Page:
Now that New York State tax law has been tweaked to give filmmakers a bigger tax incentive to shoot scenes in Hudson Valley locations, news of productions underway in our region are becoming commonplace occurrences. And we’re beginning to see the results. If you watched the Super Bowl, you probably saw the latest trailer for A Quiet Place, starring John Krasinski and Emily Blunt, and may have recognized that farm just outside New Paltz or that footbridge on the Wallkill Valley Rail Trail. Moreover, the recent Sundance Film Festival – often a precursor of big-screen success – conferred two of its most prestigious awards upon movies produced in our neck of the woods.
For fiction features, the most coveted plum at Sundance, the Palme D’Or of the Wasatch Mountains, is the Grand Jury Prize (US Dramatic). Considered the most influential award on the US independent circuit, the Grand Jury Prize is a reliable marker of future potential, with recent winners including Whiplash, Fruitvale Station and Beasts of the Southern Wild. This year it goes to Desiree Akhavan’s cinematic interpretation of Emily M. Danforth’s 2012 coming-of-age novel The Miseducation of Cameron Post: the story of a teenage girl (Chloë Grace Moretz) who is outed as a lesbian and sent to a gay “conversion therapy” center by her evangelical aunt.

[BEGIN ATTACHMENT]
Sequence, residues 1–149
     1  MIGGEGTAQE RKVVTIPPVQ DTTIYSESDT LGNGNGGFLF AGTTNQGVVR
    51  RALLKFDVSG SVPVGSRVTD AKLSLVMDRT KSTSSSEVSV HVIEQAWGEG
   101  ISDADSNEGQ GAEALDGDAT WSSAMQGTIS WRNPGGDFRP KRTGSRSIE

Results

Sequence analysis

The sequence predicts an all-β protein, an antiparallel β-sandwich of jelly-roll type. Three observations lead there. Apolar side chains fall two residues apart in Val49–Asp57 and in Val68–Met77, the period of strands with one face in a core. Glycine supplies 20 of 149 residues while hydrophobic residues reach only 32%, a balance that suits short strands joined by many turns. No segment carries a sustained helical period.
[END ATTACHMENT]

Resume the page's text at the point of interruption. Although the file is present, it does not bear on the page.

Though the book is set in the author’s native Montana, the movie was largely shot in the Hudson Valley with assistance from the Hudson Valley Film Commission. High school scenes were filmed at Coxsackie High School, and other scenes in Saugerties and Catskill. Sasha Lane, Forrest Goodluck and John Gallagher, Jr., co-star, and local extras were cast by Heidi Eklund of Hudson Valley Casting.
Another prize presented at Sundance that always bears watching is the Waldo Salt Screenwriting Award; past recipients have included Memento, The Squid and the Whale, The Station Agent, Winter’s Bone, In a World… and The Skeleton Twins. This year, the winner is Christina Choe’s Nancy, produced in the Hudson Valley last January. The film follows a young woman (Andrea Riseborough) with a habit for spinning fantastical stories around her quiet life as a temp. When she sees a report on TV about parents whose daughter was abducted years prior, the photofit of what she might look like today looks similar enough to Nancy that she reaches out to them. The film also features part-time Hudson Valley residents John Leguizamo and Steve Buscemi.